For Donna Newberne, who came on in 2005 with the Durham Family Initiative and now serves as the Mental Health Clinic Director and Clinical Faculty, the new space mirrored the high quality of the mental health treatment available at CCFH.

“Our clinical spaces [at the Mutual building] were more conducive to doing the work,” she says. “We had better facilities to deliver really good services, making our services that much more enhanced. I think it was more welcoming, too. It felt more like a clinic, which helped amplify what we were doing.”

Pictured below; Jan Williams in her NC Mutual Building office. Tomeika Watson (right) and a colleague meet among boxes of home visiting supplies making the move from Westgate Drive to downtown Durham. Donna Newberne from her office in the NC Mutual Building, where CCFH moved in 2006 as programs and staff grew.

Perfect Storms

Entering its second decade, CCFH had a new home that provided room to grow, and it was settling into a clearer sense of its identity and structure as an organization. It had well-established clinical services and a home-based prevention program, as well as the beginnings of strategic efforts to train other agencies in the models and practices that were proving so transformative here in Durham. These inter-related strategies – treatment, prevention, training – had brought to life the founding vision of a comprehensive approach to addressing child abuse and neglect. This work was far from complete, though, and the decade ahead would bring even more innovation and growth.

The year that CCFH moved into the NC Mutual Building, a pilot program began at UNC-Chapel Hill that would also be transformative both for CCFH and North Carolina as a whole. Dana Hagele had been part of the Duke and UNC teams doing forensic interviews and medical evaluations in the CCFH clinic in its early days. When those functions were absorbed back into the individual health systems, Dana left CCFH, but she took with her a deep sense of the great need throughout the state for mental healthcare for children who had experienced abuse. She also stayed in contact with Lisa Amaya-Jackson, and together – along with Rebecca Socolar, a child abuse pediatrician at UNC – they conceived of a plan that would improve referral and reimbursement pathways to increase access to trauma-informed care statewide. Early on, though, they discovered how few clinicians were trained to provide effective treatments like TF-CBT. So, they revised the strategy to focus on training the mental health workforce through statewide dissemination of evidence-based treatments.

With funding from The Duke Endowment, the Kate B. Reynolds Charitable Trust, the NC Division of Mental Health, Developmental Disabilities, and Substance Abuse, and the Governor’s Crime Commission, they piloted the NC Child Treatment Program in 28 counties in the northeastern part of the state, demonstrating that, with the right training, community clinicians could provide trauma-focused treatment with very good outcomes. In 2009, they expanded their scope to 90 counties, but the program was becoming less of a fit with its administrative home at UNC. It was, however, an excellent fit with CCFH’s emerging identity as a clinical provider with the capacity to train other clinicians. So, in 2010, CCFH became the new administrative home for NC CTP.

“It was a perfect storm of everything going right,” Dana says. “We had this small group of Duke faculty working at CCFH who were experts in the clinical models and training coming together with the statewide infrastructure we had built at UNC for dissemination and implementation at a time when people were realizing that evidence-based treatment models could be taught outside of graduate school. It was a huge wave.”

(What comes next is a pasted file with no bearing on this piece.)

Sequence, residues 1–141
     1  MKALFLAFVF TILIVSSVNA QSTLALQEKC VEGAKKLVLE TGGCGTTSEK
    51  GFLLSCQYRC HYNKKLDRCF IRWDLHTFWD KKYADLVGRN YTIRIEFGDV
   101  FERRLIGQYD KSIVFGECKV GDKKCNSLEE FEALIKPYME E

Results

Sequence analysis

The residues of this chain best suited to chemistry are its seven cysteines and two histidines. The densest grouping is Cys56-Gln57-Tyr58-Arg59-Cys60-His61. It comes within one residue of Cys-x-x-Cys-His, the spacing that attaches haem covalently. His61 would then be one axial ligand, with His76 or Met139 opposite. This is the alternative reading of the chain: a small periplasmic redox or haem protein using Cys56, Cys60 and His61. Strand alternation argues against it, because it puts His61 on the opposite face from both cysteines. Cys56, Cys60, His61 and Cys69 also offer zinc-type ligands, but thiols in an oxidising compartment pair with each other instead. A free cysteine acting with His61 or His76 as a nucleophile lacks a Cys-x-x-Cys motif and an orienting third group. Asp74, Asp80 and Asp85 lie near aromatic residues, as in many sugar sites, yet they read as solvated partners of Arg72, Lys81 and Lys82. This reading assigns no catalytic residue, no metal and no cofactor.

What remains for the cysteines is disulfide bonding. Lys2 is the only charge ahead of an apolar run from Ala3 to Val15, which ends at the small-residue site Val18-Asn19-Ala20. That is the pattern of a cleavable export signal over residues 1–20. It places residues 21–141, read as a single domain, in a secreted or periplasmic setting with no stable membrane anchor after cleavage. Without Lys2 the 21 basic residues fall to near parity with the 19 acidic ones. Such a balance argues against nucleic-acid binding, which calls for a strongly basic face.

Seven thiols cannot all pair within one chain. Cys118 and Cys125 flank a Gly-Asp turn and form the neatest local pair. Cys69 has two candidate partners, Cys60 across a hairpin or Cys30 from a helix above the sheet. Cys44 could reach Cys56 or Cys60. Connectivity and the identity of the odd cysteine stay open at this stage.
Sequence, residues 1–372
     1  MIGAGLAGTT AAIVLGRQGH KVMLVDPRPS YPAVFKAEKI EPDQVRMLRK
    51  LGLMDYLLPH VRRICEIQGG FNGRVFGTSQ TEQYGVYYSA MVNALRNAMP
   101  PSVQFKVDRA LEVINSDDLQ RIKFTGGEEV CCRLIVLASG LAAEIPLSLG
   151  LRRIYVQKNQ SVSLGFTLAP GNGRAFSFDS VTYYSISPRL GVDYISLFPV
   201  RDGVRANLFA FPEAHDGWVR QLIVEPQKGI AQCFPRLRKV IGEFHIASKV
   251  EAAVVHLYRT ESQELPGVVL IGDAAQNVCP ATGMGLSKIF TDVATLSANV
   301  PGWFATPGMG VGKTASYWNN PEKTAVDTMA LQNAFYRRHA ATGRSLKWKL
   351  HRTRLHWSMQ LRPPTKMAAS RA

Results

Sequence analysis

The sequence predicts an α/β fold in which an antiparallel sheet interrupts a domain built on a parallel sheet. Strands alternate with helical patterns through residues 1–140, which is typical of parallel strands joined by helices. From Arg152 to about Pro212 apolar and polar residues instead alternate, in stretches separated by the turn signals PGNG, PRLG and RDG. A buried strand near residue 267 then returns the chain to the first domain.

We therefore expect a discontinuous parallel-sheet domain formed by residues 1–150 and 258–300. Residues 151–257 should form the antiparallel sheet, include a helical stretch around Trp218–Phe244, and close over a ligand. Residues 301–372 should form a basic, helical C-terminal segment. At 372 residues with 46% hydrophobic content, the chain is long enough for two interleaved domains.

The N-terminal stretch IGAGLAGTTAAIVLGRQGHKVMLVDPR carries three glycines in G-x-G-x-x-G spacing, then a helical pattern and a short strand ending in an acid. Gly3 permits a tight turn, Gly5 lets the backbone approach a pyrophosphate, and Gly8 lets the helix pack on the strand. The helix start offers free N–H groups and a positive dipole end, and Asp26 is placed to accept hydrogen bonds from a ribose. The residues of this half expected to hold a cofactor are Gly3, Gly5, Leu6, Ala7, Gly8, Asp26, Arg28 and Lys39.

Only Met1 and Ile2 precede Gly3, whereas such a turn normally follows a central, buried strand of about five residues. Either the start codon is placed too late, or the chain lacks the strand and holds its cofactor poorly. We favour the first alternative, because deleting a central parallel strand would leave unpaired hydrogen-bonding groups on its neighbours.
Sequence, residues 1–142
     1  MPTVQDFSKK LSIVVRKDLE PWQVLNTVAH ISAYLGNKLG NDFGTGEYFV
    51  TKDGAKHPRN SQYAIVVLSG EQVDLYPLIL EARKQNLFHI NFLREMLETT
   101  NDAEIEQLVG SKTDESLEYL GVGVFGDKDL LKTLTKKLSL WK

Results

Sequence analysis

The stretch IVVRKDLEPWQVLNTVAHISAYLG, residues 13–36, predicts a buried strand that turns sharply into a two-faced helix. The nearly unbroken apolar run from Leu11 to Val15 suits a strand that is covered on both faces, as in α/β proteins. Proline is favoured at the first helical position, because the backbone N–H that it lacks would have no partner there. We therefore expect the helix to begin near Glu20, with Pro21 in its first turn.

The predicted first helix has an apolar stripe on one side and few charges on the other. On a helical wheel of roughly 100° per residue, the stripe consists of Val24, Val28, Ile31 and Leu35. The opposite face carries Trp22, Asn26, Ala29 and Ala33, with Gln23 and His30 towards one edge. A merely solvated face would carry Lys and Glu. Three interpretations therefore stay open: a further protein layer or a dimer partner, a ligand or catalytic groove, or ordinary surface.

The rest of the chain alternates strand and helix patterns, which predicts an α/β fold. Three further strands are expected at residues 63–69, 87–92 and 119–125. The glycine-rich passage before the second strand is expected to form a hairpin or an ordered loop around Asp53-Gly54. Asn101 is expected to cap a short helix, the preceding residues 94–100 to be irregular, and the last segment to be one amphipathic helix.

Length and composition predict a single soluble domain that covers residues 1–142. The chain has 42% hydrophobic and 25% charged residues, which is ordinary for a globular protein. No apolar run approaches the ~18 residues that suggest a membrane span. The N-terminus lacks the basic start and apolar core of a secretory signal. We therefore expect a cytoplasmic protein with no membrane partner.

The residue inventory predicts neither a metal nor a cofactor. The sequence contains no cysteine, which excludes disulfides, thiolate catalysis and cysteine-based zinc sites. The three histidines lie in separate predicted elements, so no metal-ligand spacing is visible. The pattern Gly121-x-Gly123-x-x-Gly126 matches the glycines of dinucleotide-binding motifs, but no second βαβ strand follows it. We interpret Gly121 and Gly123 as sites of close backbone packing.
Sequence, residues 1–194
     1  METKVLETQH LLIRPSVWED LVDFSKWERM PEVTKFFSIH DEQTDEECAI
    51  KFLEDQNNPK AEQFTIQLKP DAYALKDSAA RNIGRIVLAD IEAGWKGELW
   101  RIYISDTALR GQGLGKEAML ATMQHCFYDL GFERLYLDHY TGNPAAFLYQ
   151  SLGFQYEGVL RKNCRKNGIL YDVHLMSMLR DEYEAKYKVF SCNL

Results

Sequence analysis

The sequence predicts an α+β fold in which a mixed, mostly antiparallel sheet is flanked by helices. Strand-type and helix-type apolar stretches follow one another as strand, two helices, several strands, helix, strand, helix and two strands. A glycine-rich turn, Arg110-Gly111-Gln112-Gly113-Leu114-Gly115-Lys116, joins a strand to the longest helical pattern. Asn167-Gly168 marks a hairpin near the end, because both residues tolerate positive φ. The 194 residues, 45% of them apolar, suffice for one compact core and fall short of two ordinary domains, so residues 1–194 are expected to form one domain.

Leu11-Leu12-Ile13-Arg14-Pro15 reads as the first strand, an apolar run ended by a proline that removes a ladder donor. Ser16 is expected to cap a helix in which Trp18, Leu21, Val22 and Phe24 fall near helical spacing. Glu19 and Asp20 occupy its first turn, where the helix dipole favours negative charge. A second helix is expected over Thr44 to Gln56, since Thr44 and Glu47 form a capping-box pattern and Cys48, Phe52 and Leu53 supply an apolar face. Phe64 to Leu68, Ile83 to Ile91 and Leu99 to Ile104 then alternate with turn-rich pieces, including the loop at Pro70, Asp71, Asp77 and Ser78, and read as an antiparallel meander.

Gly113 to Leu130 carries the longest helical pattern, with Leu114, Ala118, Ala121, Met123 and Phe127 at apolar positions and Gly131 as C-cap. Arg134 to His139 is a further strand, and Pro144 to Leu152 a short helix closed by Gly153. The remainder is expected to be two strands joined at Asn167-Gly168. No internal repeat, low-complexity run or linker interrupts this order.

On the strength of its early accomplishments and its potential to transform mental healthcare for children who had experienced trauma, NC CTP secured an annual recurring appropriation from the NC General Assembly in 2013, expanding its reach to all 100 counties. Today, NC CTP enrolls 150 to 200 new clinicians each year, teaching five different evidence-based treatment models for child traumatic stress and related diagnoses, and its online roster of those who have successfully completed the rigorous training requirements shows qualified providers serving every county in North Carolina.

It was during this same period that the Durham Family Initiative – the partnership between CCFH and the Duke Center for Child & Family Policy (CCFP) that began in 2002 – also launched a pilot program that would become transformative for CCFH and in a much wider scope. The DFI research team, led by Kenneth Dodge and Karen O’Donnell (and later Robert Murphy when he joined CCFH in 2004), had examined home visiting programs from all over the world in search of a highly effective model for preventing child maltreatment in Durham. From this, they believed the best approach would be a universal model, an intervention that would support all families, regardless of their circumstances or risk factors. With funding from The Duke Endowment, they developed a plan to launch and evaluate a neonatal nurse home visiting program, initially called Durham Connects, that would reach 70 percent of Durham newborns each year once fully implemented.

A randomized controlled trial was built into the program model to generate strong evidence about the program’s impact, not only on child maltreatment, but on a full range of indicators for family and child well-being. From July 2009 through December 2010, all 4,777 residential births in Durham County at Duke Hospital and Duke Regional were randomly assigned according to birth date to receive either a nurse home visit or the usual neonatal services. The research team then compared the two groups at six-month milestones across a range of indicators of child and family well-being. The results were remarkable. At six months of infant age, mothers who had received home visits reported less anxiety and more positive parenting behaviors. Observers noted better parenting behaviors, safer home environments, higher quality child care choices, and more utilization of community services and resources. At twelve months of infant age, families with a nurse home visit had 50 percent fewer visits to the emergency room and hospitalizations than families who did not receive the service.